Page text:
Paragraphs 11 and 12 read: "But co-workers told the Advance that in recent months they had noticed a change in his behavior."
"And although his stunned wife said Tarter had been taking medication for depression,
nothing had prepared her for yesterday's tragedy." http://www.silive.com/news/advance/index.ssf?/base/news/1123161382175970.xml
Port Richmond man in bridge death plunge 44-year-old father of toddler drove his car to Verrazano-Narrow Bridge and jumped into water
Thursday, August 04, 2005
By DOUG AUER and REGINALD PATRICK STATEN ISLAND ADVANCE
At 6 o'clock yesterday morning, Gerard Tarter got up to help his wife prepare breakfast for their 16-month-old son.
Then the family went back to sleep.
Sometime later, while his wife and son were still sleeping, the Tarter quietly slipped out of their Port Richmond home and eventually drove to the Verrazano-Narrows Bridge.
Halfway across the lower level, about 1:30 p.m., he parked his car in the Brooklyn-bound right lane, then jumped.
An NYPD helicopter happened to be circling in the area and witnessed Tarter's death plunge. And coincidentally, Coast Guard personnel were on the beach within sight of the Verrazano when Tarter hit the water.
They notified headquarters at Fort Wadsworth, and a Coast Guard recovery craft was dispatched quickly from the Rosebank station.
Guided by the NYPD helicopter, the boat, manned by Petty Officers Bryan Jones, Christopher Taylor and Robert Norling, and Fireman Eduardo Gutierrez, found Tarter floating unconscious, face down.
They pulled him from the waters of New York Harbor at about 1:40 p.m., some 200 yards south of the bridge and about a mile from the Staten Island shoreline. Lacerations covered his face, chest, stomach and arms, according to the crew.
Tarter had no pulse and the crew performed CPR in a desperate effort to revive him as the boat raced to the Rosebank station. There, firefighters and paramedics from St. Vincent's Hospital, West Brighton, took over until Tarter was whisked by ambulance to Staten Island University Hospital in Ocean Breeze. He was pronounced dead at 2:07 p.m. LITTLE WARNING
A floral designer, Tarter had reported to work on Monday at Clark's House of Flowers, Meiers Corners, the same as he had done for the past 25 years.
But co-workers told the Advance that in recent months they had noticed a change in his behavior.
And although his stunned wife said Tarter had been taking medication for depression, nothing had prepared her for yesterday's tragedy.
"I'm speechless. I have no idea what to say," Gloria Tarter told the Advance last night, as she sat on the front porch of the two-family home the couple shared with her mother, Gloria Colon.
Tarter graduated from St. Peter's Boys High School and St. John's University on Grymes Hill. The couple was married in September 2003 in St. Roch's R.C. Church in Port Richmond.
Their 16-month-old son, Christopher, trotted around in his pajamas on the porch, his long, curly blond hair pulled behind his ears, as his grandmother tried to feed him yogurt.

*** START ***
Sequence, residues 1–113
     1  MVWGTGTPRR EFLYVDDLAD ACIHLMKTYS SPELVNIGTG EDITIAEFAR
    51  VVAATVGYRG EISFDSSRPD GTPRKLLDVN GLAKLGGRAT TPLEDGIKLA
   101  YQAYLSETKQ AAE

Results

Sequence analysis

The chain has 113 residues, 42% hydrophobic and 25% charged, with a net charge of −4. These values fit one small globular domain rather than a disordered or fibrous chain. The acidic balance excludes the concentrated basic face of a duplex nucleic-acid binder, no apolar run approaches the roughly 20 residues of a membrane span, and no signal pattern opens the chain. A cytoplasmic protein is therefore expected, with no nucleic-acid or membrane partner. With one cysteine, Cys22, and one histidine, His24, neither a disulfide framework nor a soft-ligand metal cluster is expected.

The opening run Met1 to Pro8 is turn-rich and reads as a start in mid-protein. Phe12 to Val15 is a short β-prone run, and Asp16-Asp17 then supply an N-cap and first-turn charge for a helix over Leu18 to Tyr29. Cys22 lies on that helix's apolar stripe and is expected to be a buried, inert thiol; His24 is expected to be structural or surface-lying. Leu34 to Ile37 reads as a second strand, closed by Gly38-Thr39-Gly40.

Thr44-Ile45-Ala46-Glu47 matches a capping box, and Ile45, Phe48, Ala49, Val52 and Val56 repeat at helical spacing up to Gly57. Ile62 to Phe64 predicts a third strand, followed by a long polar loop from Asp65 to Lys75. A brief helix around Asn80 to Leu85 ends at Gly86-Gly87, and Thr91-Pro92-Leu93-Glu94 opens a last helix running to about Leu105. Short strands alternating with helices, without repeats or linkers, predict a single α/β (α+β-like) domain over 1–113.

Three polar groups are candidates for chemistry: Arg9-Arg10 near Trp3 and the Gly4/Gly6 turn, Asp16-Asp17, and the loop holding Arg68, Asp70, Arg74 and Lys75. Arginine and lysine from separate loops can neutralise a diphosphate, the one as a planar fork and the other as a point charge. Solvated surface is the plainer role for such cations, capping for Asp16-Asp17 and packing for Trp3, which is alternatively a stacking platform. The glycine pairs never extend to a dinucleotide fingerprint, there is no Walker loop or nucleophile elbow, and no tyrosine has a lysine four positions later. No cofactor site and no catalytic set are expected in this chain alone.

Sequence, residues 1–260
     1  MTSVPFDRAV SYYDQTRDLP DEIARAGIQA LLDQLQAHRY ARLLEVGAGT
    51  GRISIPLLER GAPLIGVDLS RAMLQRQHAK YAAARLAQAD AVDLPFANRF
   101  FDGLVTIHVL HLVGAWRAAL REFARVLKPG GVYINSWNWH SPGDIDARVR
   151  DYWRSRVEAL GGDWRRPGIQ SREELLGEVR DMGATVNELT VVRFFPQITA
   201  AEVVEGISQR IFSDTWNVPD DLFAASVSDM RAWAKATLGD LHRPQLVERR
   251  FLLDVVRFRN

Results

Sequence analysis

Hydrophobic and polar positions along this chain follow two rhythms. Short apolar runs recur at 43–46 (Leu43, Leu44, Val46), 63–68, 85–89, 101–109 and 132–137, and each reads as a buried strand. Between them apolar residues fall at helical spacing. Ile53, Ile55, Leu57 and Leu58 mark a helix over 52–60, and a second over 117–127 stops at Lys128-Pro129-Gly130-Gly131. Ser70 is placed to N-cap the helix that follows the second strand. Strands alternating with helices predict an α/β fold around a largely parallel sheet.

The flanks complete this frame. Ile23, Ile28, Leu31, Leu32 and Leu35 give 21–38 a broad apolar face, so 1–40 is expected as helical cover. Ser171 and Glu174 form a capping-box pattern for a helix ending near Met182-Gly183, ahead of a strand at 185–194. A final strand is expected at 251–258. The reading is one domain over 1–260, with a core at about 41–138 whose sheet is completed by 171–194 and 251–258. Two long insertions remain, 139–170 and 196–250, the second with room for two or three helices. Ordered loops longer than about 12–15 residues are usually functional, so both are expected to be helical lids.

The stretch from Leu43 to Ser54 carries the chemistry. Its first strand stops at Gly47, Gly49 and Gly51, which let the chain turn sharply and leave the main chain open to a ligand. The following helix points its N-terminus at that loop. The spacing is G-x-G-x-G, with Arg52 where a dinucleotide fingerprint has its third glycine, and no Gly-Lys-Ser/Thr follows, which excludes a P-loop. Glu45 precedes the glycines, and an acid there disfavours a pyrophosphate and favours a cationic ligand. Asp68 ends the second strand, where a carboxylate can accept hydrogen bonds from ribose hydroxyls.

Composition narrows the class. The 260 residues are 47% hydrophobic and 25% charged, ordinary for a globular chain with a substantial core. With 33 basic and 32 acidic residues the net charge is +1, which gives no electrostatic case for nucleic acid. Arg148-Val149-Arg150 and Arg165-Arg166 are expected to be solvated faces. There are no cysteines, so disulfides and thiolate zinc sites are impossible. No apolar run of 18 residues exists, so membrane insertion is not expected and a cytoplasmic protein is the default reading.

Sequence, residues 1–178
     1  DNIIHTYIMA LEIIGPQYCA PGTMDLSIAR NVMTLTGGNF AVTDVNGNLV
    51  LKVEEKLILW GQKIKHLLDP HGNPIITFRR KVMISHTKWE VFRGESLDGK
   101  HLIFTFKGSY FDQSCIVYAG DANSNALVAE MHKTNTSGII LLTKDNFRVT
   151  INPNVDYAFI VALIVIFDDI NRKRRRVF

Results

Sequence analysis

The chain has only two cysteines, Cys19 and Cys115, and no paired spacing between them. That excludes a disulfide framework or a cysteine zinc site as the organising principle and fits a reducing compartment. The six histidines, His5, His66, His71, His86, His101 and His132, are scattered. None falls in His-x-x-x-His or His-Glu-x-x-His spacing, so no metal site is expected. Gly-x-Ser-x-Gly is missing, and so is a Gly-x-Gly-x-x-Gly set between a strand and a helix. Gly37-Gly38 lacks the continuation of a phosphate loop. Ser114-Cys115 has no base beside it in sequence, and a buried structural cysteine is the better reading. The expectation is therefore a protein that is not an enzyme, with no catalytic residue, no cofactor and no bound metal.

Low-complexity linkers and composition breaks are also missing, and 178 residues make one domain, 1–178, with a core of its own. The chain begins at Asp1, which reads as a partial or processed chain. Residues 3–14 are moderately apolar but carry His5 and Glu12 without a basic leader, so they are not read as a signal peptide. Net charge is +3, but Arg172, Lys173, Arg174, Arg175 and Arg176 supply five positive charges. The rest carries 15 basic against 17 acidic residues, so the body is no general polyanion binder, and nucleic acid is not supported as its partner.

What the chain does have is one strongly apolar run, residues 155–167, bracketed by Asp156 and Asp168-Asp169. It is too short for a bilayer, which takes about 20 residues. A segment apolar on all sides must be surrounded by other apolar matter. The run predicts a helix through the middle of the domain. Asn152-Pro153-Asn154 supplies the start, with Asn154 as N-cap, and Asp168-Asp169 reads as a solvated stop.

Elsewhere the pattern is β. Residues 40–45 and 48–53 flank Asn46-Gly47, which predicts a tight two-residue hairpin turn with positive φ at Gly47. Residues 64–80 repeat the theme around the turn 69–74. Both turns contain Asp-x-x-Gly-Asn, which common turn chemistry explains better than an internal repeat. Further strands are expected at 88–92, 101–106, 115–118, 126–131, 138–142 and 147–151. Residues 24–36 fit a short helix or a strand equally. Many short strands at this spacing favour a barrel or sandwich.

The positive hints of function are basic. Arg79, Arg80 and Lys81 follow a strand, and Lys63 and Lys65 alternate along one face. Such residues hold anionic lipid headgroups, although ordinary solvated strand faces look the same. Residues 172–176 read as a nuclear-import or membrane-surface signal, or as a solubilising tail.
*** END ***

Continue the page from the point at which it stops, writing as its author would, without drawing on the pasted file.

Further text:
"This was completely unexpected," Mrs. Tarter said in a soft voice. She didn't know the exact time her husband left their Treadwell Avenue house, which they had been renovating since moving in a year ago.
She didn't understand what happened.
"I wish I knew," she said. FONDLY MOURNED
Last night on Pelton Avenue in West Brighton, where Tarter had lived until his marriage, he was fondly remembered by neighbors.
"The nicest person you'd ever want to meet," said Elaine McCormick-Lewis, who has lived two doors from Tarter's mother, Paula, for 30 years.
She recalled how her son, Bill, 42, played on the same Snug Harbor Little League team as Tarter.
"He was so respectful and always had a smile," said Mrs. McCormick-Lewis.
Her husband, Joseph, said he couldn't imagine "what might've provoked" Tarter's suicide.
"I can't even picture him doing something like this," said Mrs. McCormick-Lewis.
Dawn Sorrento, a next-door neighbor of Tarter's mother for seven years, said everything seemed to be fine.
"Two weekends ago, the family was all over and they were on the porch, talking and laughing," she said, adding that Tarter's mother would often visit her son and his family. "He was so excited to have the baby. I'm just shocked."
As police investigated Tarter's death yesterday, the right lane of the lower level of the Verrazano, Brooklyn-bound, was closed, said Frank Pascual, spokesman for MTA Bridges and Tunnels.
Tarter's gray 2002 Hyundai Santa Fe was vouchered for safekeeping at the Mid-Island's 122nd Precinct, a police spokesman said.
Tarter is the second man to jump to his death from the Verrazano this year.
On Feb. 7, Anuj V. Jain, 30, of the 3500 block of Amboy Road, Bay Terrace, tumbled nearly 100 feet over the Fort Wadsworth Gateway National Recreation Area before landing on concrete. He was said to have been despondent over job woes.
-- Advance reporters Stephen Hart and Remington Gregg contributed to this report.
Doug Auer and Reginald Patrick are news reporter for the Advance. They may be reached at email@example.com and firstname.lastname@example.org.